Patients with sickle cell disease have a mutation in the beta-haemoglobin gene, causing them to produce misshapen red blood cells that can block blood vessels leading to severe pain, anaemia and potentially life-threatening complications, such as organ damage and strokes. Currently, the only cure is a stem cell transplant from a healthy donor, but in the newly-approved trial, scientists from the University of California will use CRISPR/Cas9 genome editing to replace the faulty gene with a functional version.
'Gene therapy and genome editing allow each patient to serve as their own stem cell donor,' said Professor Donald Kohn, from the Broad Stem Cell Research Centre at the University of California Los Angeles, one of the clinical trial leaders. 'In theory, these approaches should be much safer than a transplant from another person and could become universally available because they eliminate the need to find the needle in a haystack that is a matched stem cell donor.'
In the trial, blood stem cells will be harvested from the patients and grown in the lab. CRISPR/Cas9 will be used to 'cut and replace' a sequence of DNA containing the mutation with a healthy copy. The edited cells will then be returned to the patient's body in the same way they would be if the patient was receiving donor stem cells.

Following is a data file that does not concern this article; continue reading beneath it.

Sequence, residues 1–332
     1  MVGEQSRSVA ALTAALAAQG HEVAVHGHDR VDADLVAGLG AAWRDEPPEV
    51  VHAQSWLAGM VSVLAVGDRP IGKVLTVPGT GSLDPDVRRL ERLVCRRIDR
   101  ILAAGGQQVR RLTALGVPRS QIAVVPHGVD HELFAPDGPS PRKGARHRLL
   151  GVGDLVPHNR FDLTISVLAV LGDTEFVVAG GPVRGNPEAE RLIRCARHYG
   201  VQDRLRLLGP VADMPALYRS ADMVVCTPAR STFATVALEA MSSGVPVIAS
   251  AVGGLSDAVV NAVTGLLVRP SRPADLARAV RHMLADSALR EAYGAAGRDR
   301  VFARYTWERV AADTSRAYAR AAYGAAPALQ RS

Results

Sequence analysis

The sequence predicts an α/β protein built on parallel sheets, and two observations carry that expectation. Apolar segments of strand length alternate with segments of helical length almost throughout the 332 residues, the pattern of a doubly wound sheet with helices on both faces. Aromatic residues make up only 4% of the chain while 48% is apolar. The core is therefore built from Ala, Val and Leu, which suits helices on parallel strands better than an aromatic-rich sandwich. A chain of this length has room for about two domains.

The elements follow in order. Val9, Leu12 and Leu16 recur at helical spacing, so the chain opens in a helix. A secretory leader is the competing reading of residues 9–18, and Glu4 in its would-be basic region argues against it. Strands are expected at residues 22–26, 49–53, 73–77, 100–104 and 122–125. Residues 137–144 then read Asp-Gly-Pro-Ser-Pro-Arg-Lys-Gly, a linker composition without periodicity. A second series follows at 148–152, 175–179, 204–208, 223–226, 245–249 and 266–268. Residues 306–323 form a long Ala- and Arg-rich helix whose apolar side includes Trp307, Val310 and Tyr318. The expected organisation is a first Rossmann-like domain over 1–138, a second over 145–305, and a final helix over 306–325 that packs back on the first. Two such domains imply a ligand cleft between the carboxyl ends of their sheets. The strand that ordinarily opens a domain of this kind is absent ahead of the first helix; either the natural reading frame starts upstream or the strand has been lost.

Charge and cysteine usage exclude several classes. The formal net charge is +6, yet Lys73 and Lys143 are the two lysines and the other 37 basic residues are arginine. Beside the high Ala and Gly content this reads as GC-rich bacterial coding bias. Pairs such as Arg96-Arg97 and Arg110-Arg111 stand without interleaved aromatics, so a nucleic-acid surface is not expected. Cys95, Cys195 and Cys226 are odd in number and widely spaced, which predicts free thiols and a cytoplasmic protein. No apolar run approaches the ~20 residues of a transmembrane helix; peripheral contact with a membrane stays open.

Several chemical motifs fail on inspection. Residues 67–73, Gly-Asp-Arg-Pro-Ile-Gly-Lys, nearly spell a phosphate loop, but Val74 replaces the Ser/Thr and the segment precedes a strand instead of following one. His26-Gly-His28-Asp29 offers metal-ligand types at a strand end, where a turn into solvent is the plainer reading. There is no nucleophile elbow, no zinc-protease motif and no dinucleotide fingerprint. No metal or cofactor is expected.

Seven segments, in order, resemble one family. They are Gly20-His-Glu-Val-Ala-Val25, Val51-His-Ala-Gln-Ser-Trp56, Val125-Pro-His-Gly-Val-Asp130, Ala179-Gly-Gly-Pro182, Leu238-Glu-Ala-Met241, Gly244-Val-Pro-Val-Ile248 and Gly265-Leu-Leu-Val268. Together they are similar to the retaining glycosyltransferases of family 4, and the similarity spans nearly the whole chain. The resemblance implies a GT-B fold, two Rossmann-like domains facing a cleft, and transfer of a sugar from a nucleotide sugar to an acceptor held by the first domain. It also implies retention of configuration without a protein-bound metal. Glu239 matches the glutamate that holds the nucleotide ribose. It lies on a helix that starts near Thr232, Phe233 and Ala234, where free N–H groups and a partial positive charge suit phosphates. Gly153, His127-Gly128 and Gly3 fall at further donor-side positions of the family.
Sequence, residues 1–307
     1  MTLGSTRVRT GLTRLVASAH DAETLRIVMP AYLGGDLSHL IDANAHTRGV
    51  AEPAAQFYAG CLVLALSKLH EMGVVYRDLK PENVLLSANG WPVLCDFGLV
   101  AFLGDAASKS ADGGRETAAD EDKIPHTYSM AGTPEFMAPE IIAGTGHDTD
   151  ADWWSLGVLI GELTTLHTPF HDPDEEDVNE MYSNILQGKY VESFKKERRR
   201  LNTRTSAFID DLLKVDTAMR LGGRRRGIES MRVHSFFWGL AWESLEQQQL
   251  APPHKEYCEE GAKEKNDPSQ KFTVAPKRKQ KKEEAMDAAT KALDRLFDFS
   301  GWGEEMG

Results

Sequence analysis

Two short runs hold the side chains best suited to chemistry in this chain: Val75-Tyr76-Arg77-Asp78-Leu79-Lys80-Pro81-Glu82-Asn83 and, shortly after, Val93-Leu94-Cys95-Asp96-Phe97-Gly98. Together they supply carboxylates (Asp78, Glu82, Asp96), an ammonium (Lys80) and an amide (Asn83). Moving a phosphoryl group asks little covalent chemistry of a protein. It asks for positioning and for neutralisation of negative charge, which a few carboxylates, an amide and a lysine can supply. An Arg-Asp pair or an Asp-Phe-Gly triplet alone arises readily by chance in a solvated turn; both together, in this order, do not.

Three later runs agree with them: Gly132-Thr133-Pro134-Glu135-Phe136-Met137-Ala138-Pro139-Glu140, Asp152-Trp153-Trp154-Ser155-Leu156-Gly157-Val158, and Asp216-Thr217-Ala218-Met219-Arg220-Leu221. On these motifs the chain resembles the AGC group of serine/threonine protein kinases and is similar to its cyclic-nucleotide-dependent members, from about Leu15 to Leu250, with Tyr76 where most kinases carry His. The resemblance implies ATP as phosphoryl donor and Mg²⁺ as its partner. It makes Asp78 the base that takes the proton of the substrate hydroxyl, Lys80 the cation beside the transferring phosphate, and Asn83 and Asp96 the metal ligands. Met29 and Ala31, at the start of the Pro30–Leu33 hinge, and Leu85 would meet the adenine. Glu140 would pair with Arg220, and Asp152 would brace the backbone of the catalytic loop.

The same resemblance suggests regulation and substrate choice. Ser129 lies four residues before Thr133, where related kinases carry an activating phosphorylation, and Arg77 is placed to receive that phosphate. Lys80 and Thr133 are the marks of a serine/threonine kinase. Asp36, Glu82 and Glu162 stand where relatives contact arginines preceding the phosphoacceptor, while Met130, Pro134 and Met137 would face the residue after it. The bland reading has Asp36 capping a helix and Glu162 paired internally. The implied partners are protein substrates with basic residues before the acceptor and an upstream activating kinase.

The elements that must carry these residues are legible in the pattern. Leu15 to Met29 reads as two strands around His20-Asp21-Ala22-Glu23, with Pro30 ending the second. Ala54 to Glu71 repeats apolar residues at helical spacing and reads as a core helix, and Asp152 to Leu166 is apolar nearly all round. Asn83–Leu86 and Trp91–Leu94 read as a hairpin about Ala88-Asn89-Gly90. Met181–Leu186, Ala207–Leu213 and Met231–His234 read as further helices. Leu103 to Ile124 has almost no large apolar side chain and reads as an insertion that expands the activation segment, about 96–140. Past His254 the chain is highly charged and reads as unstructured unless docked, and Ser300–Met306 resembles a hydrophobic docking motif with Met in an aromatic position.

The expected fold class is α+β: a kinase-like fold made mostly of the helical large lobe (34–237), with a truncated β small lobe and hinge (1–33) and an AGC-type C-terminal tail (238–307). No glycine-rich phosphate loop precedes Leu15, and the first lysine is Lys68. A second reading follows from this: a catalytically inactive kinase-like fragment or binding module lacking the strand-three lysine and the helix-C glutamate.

'The goal of this form of genome editing therapy is to correct the mutation in enough stem cells so the resulting blood in circulation has corrected red blood cells,' said Dr Mark Walters, from the University of California San Francisco Benioff Children's Hospital, another of the clinical trial leaders.
The study will take place over four years, and include six adults and three adolescents with severe sickle cell disease, testing both safety and efficacy.
The treatment does have risks: the patients will need to have high dose chemotherapy, to kill all remaining blood stem cells before the modified stem cells are put back. This is also necessary before receiving donor stem cells and can cause severe side effects as the patient's immune system is temporarily disabled.
A similar trial, using CRISPR/Cas9 to activate bone marrow stem cells to produce an alternative version of haemoglobin, rather than correcting the faulty version, has recently shown promising results in a patient with sickle cell disease (see BioNews 1052).